In Reply.—We read with interest the letter from Neuvonen and Kivistö commenting on our case observation on the use of cholestyramine in the treatment of digoxin intoxication.1 They raised concern about our digoxin half-life calculation during treatment with cholestyramine. While it may have been optimal to have several serum concentrations to determine the half-life, our main point in presenting this information was the fact that concurrent to the administration of cholestyramine there was a dramatic diminution of the signs and symptoms of digoxin toxicity validating the rapid fall in serum digoxin concentrations secondary to enhanced clearance with cholestyramine therapy. The patient had displayed elevated digoxin concentrations and signs and symptoms of toxic side effects for the four previous days of his admission. Furthermore, there is no reason to believe that the digoxin volume of distribution would have independently and dramatically changed for no apparent reason temporally with the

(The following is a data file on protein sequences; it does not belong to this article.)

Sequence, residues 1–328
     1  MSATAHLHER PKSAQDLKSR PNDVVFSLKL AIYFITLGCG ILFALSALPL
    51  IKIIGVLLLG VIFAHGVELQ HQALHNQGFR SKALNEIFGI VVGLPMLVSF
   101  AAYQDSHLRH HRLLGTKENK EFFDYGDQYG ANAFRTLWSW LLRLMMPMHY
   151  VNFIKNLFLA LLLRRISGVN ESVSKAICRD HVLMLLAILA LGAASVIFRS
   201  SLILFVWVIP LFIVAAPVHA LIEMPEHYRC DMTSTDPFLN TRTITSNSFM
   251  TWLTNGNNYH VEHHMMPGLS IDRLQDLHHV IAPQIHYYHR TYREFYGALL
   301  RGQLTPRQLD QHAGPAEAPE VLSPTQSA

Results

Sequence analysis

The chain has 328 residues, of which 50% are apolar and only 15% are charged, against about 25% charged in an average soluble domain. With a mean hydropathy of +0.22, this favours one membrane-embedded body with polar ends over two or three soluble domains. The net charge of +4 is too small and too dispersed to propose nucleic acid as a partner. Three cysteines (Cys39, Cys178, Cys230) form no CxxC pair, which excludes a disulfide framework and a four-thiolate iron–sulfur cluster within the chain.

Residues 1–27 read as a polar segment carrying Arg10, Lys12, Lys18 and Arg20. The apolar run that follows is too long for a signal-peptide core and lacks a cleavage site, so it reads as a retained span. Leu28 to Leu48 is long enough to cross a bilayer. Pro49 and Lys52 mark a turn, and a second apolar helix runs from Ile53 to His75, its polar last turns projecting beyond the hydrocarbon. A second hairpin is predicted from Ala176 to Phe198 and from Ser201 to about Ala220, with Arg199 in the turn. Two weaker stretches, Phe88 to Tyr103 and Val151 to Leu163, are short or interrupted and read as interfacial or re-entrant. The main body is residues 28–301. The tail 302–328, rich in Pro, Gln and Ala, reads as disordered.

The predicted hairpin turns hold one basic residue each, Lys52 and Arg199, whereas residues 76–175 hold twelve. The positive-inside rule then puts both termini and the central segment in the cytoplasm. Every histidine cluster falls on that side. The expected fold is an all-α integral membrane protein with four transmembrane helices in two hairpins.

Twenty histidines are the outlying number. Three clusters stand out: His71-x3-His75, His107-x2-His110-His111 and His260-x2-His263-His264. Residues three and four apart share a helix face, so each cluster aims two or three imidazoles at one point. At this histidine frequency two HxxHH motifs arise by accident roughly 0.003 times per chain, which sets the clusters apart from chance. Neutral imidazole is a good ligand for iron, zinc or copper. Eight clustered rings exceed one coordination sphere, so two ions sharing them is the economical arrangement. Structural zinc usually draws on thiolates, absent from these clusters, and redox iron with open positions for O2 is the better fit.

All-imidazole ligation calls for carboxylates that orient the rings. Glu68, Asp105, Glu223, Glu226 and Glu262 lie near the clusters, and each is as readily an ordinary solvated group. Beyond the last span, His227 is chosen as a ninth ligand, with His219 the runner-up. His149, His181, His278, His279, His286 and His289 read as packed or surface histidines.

HENDERSON RP, SOLOMON CP. Activated Charcoal Should Replace the Resins in the Treatment of Digoxin Intoxication!-Reply. Arch Intern Med. 1989;149(11):2603–2606. doi:10.1001/archinte.1989.00390110145034
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